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Payday for bankers as Tiffany is bought by owner of Louis Vuitton in £13 billion deal



Wall Street bankers were today set for a huge payday as the owners of Louis Vuitton have agreed to buy diamond sellers Tiffany & Co for $16.2 billion (£12.6 billion).

LVMH – which owns the Louis Vuitton, Moet and Hennesy among other luxury brands – is run by Europe’s richest man Bernard Arnault, who agreed to buy struggling Tiffany’s after hiking its offer from $120 to $135 a share. Citi and JP Morgan advised LVMH, with Ceterview and Goldman on the ticket for Tiffany.  

The takeover by Paris based LVMH, which has Europe’s richest man Bernard Arnault as its controlling shareholder, brings an end to 182 years of independence for the owner of one of New York’s most famous stores.

The jeweller, founded in 1837 by Charles Lewis Tiffany, has a network of more than 300 outlets all over the world and is known for its signature robin’s-egg blue packaging.

LVMH already has an extensive portfolio of luxury brands (MIGUEL MEDINA/AFP via Getty Images)

They include a flagship store on Old Bond Street in Mayfair, where a Tiffany Victoria mixed cluster necklace in platinum with diamonds costs £98,000.

There are also Tiffany outlets on Sloane Street, Covent Garden, Canary Wharf, Westfield London shopping mall, the Royal Exchange building in the City and Heathrow airport as well as concessions in Harrods and Selfridges.

Analysts said Tiffany had to tread carefully in holding out for a higher price, with no obvious counter-bidder in the race. The deal represents a payday for top shareholders including Vanguard, the Qatar Investment Authority and British hedge fund Egerton, which is the eighth largest shareholders.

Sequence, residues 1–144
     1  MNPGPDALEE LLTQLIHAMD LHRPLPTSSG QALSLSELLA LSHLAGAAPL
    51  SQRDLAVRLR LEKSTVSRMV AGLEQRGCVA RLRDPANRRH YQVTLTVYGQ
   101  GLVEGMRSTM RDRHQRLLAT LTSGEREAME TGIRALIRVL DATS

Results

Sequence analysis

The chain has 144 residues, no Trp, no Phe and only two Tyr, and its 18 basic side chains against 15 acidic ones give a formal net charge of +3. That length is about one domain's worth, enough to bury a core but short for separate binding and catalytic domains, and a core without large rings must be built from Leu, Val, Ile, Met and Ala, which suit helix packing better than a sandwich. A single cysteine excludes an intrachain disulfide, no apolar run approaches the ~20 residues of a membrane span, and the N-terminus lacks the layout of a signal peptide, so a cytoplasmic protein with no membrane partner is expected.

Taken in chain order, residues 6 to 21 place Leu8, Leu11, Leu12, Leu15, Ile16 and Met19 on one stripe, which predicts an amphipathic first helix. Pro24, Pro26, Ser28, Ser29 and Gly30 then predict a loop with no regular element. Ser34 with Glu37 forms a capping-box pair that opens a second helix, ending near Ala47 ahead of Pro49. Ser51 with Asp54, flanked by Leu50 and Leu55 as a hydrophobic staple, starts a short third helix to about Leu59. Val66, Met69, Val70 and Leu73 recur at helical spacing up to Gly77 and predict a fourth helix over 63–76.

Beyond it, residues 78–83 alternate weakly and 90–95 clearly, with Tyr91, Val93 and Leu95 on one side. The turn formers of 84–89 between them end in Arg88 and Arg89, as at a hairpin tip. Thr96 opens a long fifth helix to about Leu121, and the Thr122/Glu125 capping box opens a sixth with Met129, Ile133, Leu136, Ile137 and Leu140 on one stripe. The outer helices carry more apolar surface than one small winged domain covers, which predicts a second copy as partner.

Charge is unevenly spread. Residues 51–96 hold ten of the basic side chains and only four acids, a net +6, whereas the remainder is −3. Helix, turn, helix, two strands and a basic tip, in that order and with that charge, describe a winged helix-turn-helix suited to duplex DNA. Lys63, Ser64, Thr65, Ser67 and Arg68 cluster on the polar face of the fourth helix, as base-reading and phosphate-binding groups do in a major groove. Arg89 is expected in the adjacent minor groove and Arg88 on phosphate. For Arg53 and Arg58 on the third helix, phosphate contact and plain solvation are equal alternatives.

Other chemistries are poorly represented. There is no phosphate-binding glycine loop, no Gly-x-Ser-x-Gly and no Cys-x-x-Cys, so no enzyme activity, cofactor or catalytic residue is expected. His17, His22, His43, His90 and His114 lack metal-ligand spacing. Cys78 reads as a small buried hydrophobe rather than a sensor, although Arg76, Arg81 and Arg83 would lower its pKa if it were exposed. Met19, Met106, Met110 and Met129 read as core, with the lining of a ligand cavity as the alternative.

Jefferies analyst Flavio Cereda said: “This looks a very good deal for LVMH at a fair price. The Tiffany’s blue box is iconic –the brand is better than the company so there’ll be work to do.

“I’d expect LVMH to put a greater focus on Asian and less on the US, and change the product mix. The depth of price range is enormous – you can buy some products for £20 and some for £20,000, that does not really work and it certainly does not work in Asia, it affects the perception of the brand.”

Aneta Wynimko, manager for Fidelity Global Consumer Industries fund which owns both LVMH and Tiffany, said: “I am pleased about the bid. While in many cases acquisitions end up destroying value LVMH is a business built on acquisitions that in most cases have been very successful. Once a brand joins the LVMH house it benefits form investments and know-how and eventually ends up being best in class and thus very desirable to the consumer.”   

Cereda dismissed suggestions a rise in the shares of UK listed Burberry – up 57p at 2090p today – meant a deal for the trenchcoat maker was in the offing.

Tiffany’s it is best known for the 1961 Audrey Hepburn movie Breakfast at Tiffany’s based on the Truman Capote novel of the same name. The Manhattan store on Fifth Avenue next to the Trump Tower is one of New York’s most famous retail landmarks.

The takeover is the biggest ever in the luxury goods industry and gives the world’s largest player in the sector a major new beachhead in the US market.

The $135 a share acquisition follows five weeks of intense negotiation between the two businesses after LVMH made its first approach about a takeover.

LVMH now has a total 75 brands, including Moet & Chandon, Veuve Cliquot Pnsardin, Krug, Glenmorangie, Givenchy, TAG Heuer and Bulgari. It has 156,000 employees and a network of more than 4,590 stores.

Arnault said: “We will be proud to have Tiffany sit alongside our iconic brands and look forward to ensuring that Tiffany continues to thrive for centuries to come.”

 

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